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Posted On: 8 April 2014 01:20 pm
Updated On: 12 November 2020 01:51 pm

Exploring the art of patient-doctor communication through music

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At a live jazz event organized by Weill Cornell Medical College in Qatar (WCMC-Q), Associate Dean for Student Affairs Dr. Stephen Scott and artists from Jazz at Lincoln Center – Doha explored the parallels between the art of jazz and the art of doctor-patient communication.

The ‘Jazz & the Art of Communication’ event featured internationally renowned singer Gregory Generet, bassist Matthew Rybicki, pianist Takeshi Ohbayashi, and drummer Shawn Baltazor, who played a number of pieces and also engaged in a dialogue with Dr. Scott about the music, communication, and medicine.

The event drew an impressive audience and was held at the Black Box Theater at the Hamad Bin Khalifa University Student Center on Wednesday April 2.

Addressing the audience, Dr. Scott said: “When we as physicians speak with our patients, we have to be aware that communication involves more than simply the content of the words. Body language, inflection, tone of voice and other cues have a great influence on what we hear, as well as the way our message is interpreted.”

Generet added: “When we play a song, we can interpret it in many different ways. Each note I sing or that Takeshi or Matt plays can be sounded in a variety of ways. We can play fast or slow, we can make it strong or gentle, and Shawn can subtly change the rhythm. All the time we’re communicating with each other and communicating with the audience, and reacting to the feedback.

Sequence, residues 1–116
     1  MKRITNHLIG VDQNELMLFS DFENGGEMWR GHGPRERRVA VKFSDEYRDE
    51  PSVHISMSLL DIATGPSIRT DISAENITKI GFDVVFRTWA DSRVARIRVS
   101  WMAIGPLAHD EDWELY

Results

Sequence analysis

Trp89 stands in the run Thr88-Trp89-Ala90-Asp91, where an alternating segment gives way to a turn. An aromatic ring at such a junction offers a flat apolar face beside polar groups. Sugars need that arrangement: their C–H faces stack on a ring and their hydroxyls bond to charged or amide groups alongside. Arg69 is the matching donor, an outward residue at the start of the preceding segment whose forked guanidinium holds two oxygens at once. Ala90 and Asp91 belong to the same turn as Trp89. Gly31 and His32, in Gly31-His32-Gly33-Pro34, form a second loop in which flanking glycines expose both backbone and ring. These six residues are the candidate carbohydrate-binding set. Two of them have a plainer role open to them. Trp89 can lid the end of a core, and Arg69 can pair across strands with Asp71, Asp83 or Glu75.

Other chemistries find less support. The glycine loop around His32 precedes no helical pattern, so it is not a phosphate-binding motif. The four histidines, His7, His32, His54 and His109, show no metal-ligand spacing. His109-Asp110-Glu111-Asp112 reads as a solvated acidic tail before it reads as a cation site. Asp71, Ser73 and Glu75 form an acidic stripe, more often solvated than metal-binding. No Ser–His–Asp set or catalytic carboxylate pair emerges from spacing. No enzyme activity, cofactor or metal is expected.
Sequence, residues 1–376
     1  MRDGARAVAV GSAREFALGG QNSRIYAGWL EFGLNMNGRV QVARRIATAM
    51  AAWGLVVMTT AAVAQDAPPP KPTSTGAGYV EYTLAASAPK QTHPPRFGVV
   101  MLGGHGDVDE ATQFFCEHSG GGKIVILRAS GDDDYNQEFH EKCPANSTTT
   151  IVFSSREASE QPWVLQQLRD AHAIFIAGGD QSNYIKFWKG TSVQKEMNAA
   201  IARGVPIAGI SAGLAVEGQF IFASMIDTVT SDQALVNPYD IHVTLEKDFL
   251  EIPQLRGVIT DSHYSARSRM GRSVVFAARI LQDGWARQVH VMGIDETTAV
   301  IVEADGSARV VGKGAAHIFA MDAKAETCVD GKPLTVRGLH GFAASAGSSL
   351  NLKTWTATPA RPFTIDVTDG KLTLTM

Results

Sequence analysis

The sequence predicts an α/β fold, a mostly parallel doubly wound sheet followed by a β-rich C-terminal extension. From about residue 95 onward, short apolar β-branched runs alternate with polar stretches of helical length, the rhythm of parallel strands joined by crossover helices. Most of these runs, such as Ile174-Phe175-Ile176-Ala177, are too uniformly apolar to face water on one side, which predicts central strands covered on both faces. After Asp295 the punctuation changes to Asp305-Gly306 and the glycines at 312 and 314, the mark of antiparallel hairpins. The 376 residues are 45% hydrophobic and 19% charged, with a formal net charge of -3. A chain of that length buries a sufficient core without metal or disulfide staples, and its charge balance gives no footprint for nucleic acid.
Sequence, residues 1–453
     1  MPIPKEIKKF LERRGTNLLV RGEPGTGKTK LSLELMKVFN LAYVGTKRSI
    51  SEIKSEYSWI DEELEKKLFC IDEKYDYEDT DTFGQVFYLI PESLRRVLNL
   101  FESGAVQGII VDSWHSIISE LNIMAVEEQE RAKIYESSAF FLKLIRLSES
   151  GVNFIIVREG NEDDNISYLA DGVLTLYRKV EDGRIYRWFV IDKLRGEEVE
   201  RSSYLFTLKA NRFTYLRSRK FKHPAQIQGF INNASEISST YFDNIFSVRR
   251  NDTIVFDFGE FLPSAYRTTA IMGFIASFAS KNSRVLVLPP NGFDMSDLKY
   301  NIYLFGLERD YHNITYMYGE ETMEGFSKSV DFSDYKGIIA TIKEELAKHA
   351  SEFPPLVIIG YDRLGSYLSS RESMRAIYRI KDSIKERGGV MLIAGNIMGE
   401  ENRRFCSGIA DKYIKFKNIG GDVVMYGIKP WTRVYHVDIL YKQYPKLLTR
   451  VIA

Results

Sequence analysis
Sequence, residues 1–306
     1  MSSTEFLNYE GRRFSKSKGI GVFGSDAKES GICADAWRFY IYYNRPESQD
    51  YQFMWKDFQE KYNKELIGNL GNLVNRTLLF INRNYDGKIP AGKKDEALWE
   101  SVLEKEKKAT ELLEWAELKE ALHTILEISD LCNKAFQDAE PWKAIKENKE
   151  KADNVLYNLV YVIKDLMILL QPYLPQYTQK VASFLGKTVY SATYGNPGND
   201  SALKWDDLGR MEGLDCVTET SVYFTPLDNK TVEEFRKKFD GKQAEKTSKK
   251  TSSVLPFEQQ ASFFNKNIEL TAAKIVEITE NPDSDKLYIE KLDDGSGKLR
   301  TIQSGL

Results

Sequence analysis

“One key similarity is authenticity – if you put your true self into the music, the audience is likely to react well to that. The same is true when you’re speaking to someone.”

Dr. Scott illustrated that students and physicians develop their own ‘voice,’ or ways of communicating with patients, and move beyond a rigid script. He said: “A script is a necessary starting point, but we need to be able to adapt in the moment and respond to our patients in ways that are more nuanced and intuitive than a script allows.”

The hour-and-a-half-long set finished with a question and answer session with the audience. Those in attendance showed their appreciation with a long and loud round of applause.

Speaking after the event, first-year WCMC-Q medical student and avowed Charlie Parker fan Ahmed Mushannen said: “We are at the stage of our studies where we are just starting to interact with patients, so I gained some useful insights.

“I have read some of the attempts to create a formulaic approach to speaking with patients, but in the field I think you need to be able to react to the different ways of communicating of each individual patient, which probably comes with practice and by being willing to listen carefully to every patient and their needs.”

- ILQ News -